Site of hewn-out graves on the plain, 10 km. east of Lod, said to be the graves of the Maccabeans, Mathityahu and four of his sons, including Yehudah Hamaccabi. In our time, a "Modi'in Torchlighting" ceremony is carried out here by members of "Maccabi" at Hannukah: the torch is carried by relays of runners to the President's House in Jerusalem. 2 km. to the east - a small Arab village said to be the site of ancient Modi'in, birthplace of the Hasmoneans. Made famous as the site of the beginning of the Maccabean revolts (165 BCE). Judah Maccabee's father Mathityahu moved his family there during Antioch IV's Hellenization of Jerusalem. Simon, the last surviving brother of Judah Maccabee built an impressive family monument on the summit of the hill consisting of 7 pyramids linked by colonnades which became a site of Jewish pilgrimage for more than 7 centuries. Modi'im was also the hometown of the conservative Eleazar Ha Modi'im (2nd c. CE), who was influential in defining rabbinical Judaism.

Mount Ebal

A mountain north of Shechem, 940 m. above sea level. Called in the Bible "The Mountain of Curse" as opposed to Mount Grizim, south of Shechem, called "Mountain of Blessing" (Deuteronomy 11, 29). Moshe (Moses) Rabeinu placed representatives of six of the twelve tribes on the mountain to read out the curses of the Lord which shall be given to whoever does not follow the laws of the Torah. At the foot of the mountain ancient tombs from the different periods of the city of Shechem were discovered.

Mount Grizim

A mountain south of Shechem, 881 m. high. Called in the Bible "The Mountain of Blessing" (Deuteronomy 11,29). Moshe Rabeinu (Moses) placed representatives of six of the twelve tribes on the mountain to read out the blessings of the Lord, which shall be given, -to that follows the laws of the Torah. In Arabic called GabeI-A-Tur, derived from the Aramaic Tura Bricha (Har Habracha). The Samaritans see it as their holy Moria Sanctified Mountain to which they pilgrim and where they sacrifice the Passover lamb. In the time of Alexander the Great they built their own temple which was used as a religious, spiritual center. In the year 125 BCE this Samaritan temple was destroyed by Yochanan Horkenos the Hasmonean (on the east side of the mountain the only thing left are the stairs leading to that temple). Till this day the Samaritans keep their rituals on this mountain. Nearby there is a synagogue and a new Samaritan neighborhood.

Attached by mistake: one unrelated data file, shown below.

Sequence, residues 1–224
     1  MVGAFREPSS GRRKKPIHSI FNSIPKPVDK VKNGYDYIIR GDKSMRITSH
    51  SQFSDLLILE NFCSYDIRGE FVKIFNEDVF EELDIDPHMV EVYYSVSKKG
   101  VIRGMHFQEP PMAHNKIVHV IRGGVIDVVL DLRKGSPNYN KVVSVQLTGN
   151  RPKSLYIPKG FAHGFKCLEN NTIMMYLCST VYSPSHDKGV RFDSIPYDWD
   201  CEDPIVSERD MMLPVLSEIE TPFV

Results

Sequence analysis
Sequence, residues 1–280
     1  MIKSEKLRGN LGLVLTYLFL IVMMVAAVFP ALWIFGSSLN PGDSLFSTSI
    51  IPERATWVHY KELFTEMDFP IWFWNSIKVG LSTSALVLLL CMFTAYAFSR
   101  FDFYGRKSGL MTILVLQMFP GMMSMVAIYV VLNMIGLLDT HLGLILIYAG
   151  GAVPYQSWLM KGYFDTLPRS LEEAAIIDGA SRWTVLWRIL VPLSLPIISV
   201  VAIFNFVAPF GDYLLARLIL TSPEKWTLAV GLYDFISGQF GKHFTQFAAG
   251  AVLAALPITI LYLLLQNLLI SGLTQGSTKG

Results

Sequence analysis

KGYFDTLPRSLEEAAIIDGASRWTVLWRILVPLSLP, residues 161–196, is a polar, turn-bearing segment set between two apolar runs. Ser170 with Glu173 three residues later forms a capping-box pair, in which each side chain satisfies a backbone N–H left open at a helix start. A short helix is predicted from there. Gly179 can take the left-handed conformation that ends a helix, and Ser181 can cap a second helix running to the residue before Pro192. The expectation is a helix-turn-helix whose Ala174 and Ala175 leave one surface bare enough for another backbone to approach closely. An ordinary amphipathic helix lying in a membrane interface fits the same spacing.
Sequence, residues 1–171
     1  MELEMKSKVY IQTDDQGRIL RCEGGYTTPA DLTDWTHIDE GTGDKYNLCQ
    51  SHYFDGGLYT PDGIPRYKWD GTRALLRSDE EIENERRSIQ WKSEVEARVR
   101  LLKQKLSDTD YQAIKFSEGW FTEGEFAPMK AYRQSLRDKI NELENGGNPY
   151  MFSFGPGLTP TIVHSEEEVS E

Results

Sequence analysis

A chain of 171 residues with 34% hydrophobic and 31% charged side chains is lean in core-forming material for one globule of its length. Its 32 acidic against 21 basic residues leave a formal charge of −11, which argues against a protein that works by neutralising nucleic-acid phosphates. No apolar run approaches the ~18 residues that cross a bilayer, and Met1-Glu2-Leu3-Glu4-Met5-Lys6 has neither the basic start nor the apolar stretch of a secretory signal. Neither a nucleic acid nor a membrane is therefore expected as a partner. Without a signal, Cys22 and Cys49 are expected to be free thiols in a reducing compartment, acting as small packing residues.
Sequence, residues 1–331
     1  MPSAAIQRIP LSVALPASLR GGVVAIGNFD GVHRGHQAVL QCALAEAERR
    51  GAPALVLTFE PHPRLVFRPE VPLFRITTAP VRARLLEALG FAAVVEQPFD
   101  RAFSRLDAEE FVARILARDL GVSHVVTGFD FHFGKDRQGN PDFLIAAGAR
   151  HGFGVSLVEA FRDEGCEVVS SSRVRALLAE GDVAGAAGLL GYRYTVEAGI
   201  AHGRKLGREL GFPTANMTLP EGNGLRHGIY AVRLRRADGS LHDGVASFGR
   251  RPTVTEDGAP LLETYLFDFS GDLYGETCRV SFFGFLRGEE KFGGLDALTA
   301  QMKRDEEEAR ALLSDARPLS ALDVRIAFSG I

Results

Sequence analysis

Museum of Rishon Le-Zion

The story of the pioneers comes alive! Take a guided tour of exhibits, enjoy a walk on "Pioneers' Way" and a unique "Sound and Light" show at the Village Well. Kikar Ha'meyasdim. Tel: 03-9641621, or 03-9682435.